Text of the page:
After a (group) lesson where I asked that unresourceful question of myself, "Why am I not remembering X, Y, or Z," I created a tool for myself. As an instrument pilot I understand the value of two concepts: 1) the instrument scan in an ongoing, organized, and rigorous fashion to detect as early as possible when things are out of balance, so as to recognize the problem and begin correction; and 2) the value of a checklist as a way to ensure that the essentials of a procedure are covered. I combined the two concepts into a Leader's Checklist that I seek to run internally whenever I am dancing. I'll share it with you in a moment.

I run from the top of my head down. (A tanguero asked me why I didn't start with the feet, which he thought would be most important, and go up. Interesting, seeing people's different viewpoints.) Now I had thought to use this merely as a preparatory refresher before joining a milonga, thinking that if I tried using it as I danced that it would remove spontaneity and presence in the moment from the dance. I discovered quite the opposite, however. How often do we see when attempting to do our best at some physical activity that the active mind interferes. Rather than allow the native intelligence of the body to do its thing, the mind is busy judging everything and trying to tell the body how it really "ought" to be doing it.

What I found was that by engaging my chattering mind with the simple but significant task of monitoring performance, that it took away a big distraction from my dancing. Not only was I dancing more the way I knew I wanted to, but I felt even more spontaneous, creative, and in the moment, enjoying the flow.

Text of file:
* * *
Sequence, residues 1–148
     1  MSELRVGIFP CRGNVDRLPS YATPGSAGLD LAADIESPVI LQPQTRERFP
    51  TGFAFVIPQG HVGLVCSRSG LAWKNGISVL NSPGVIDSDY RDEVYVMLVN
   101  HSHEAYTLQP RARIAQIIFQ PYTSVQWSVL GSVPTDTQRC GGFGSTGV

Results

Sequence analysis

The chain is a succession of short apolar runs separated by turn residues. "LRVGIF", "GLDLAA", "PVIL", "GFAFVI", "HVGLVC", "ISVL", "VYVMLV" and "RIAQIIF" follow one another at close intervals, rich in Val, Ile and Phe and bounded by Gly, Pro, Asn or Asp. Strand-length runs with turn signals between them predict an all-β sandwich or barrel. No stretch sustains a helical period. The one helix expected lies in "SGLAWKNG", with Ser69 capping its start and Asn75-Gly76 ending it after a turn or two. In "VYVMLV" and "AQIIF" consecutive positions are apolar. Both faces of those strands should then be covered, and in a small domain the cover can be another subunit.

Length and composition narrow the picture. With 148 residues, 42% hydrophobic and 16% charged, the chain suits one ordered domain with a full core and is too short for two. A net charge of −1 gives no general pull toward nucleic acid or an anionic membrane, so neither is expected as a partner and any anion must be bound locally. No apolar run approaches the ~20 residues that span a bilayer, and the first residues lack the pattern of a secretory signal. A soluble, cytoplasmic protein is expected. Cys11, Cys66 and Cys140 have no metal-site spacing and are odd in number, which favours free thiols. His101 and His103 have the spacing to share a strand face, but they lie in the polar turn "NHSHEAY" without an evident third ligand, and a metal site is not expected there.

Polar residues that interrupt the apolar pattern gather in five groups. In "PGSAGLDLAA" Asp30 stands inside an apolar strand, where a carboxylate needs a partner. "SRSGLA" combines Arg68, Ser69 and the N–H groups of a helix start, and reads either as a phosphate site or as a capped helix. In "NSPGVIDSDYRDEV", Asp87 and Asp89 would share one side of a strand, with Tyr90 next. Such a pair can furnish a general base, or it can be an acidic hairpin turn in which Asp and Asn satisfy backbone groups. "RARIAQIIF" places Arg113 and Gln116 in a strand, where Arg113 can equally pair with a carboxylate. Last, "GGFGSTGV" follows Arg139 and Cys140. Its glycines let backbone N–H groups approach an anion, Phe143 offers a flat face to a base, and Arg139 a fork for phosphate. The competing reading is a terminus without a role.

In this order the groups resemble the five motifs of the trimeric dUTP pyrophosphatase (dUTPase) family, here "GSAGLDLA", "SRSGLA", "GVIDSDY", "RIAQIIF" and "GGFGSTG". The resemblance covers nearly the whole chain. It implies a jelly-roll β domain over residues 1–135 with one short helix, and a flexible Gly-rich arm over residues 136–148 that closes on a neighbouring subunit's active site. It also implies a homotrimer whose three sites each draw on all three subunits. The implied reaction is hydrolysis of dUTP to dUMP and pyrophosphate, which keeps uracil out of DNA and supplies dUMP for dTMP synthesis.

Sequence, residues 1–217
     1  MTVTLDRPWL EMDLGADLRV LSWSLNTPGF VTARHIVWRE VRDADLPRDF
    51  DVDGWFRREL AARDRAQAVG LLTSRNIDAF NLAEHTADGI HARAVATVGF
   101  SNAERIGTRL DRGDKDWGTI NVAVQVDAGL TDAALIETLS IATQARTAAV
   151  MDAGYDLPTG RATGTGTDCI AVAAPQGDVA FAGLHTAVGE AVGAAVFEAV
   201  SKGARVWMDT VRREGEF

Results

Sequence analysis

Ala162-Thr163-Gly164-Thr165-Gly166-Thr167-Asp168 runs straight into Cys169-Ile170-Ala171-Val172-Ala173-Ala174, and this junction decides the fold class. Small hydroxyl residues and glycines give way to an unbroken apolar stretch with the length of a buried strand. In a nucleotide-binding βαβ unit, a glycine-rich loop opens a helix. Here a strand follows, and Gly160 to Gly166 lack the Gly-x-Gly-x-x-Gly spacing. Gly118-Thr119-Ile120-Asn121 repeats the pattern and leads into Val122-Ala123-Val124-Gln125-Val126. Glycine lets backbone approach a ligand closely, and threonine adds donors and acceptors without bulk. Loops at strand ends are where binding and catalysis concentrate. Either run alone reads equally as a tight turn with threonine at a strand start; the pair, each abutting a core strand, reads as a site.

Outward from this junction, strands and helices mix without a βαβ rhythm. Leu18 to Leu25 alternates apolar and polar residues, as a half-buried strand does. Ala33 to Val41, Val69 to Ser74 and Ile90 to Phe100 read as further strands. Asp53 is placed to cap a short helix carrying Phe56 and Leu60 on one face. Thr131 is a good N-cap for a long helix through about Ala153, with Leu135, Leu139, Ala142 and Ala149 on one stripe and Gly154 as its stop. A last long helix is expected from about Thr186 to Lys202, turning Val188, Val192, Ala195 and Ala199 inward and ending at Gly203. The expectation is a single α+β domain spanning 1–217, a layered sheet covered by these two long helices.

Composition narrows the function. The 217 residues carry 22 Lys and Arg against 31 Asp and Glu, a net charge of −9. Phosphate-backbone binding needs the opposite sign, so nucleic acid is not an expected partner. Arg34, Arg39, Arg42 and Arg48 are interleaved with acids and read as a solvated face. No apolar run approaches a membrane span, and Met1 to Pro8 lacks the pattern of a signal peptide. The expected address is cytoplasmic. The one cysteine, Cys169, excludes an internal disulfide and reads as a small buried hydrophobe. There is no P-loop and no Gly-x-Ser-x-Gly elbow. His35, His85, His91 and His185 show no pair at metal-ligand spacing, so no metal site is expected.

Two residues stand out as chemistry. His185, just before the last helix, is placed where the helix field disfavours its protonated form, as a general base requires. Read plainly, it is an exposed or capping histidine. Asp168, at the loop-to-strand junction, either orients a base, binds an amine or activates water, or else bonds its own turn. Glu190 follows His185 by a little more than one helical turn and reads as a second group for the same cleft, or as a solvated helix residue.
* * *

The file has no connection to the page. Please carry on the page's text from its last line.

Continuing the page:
In following the checklist the mind makes no judgement, and it offers no solutions; it merely makes observations. "Captain, the right shoulder is dipping below the horizon." "Captain, the undercarriage isn't collecting." "Captain, the belly isn't back."

Here, then (in a second comment, since I hit the 4K length limit), is what I have now. I expect the detail part to become maybe shorter and simpler with more practice and miles on the dance floor, and to become more sophisticated with experience and further lessons, but the simple repeated scan seems like it will always be useful.


David Phillips said...

As I am dancing and practicing I routinely and regularly keep these feelings in body, checking in on myself repeatedly:

This is the scan while dancing:

Arms and hands L/R

These are the qualities I am scanning for:

Head upright, level, and facing her; neck long.

Shoulders upright, level, and facing her.

Left arm holding hers in a simple, attractive, comfortable position between us. Left palm pressing inwards (toward our common axis) with closed, relaxed fingers. Elbow down. Relaxed.

Right arm giving as full an enclosure as practical considering body possibilities, respectfully, without causing discomfort to her left shoulder. Fingers closed. Keeping the embrace definite but not rigid, elastic but not loose. Flexing closer/farther from heart, and sliding along her back to accommodate movements, but not breaking forward, back, or side at shoulder. Elbow down. Relaxed.

Torso upright and tall, with heart light shining out to the horizon.

Containing her within a gentle yet definite embrace between my shoulders, all the time.

Dancing in control, comfortably, and expressively. Giving pause to breathe and reconnect.

Torso dissociates from lower body easily, flexibly, and extensively. Torso rotating over stable platform or platform rotating under stable torso. Movement intention (forward, backward, sideways, rotational) originates in the solar plexus (pit of stomach ~ base of sternum).

Hips back. Legs soft.

The driving impulse, forward or backward or sideways, matches the beat (or melodic element, or instrument, or . . .). Each step, regardless of direction, size, or speed is given impetus, drive, intention from supporting leg pushing off.

Settle weight fully between steps to fully convey the lead, but continue to move thru the step.

... and repeat.

Possibly this sort of approach is adaptable for the tanguera?

Terpsichoral said...

Wow, that is a lot of things to be scanning for. Personally, I might focus on those kinds of technical considerations when practising but never when dancing at the milonga when I have only two things in my mind: dancing with my partner and with the music. For leaders, of course, there is a third consideration: floorcraft.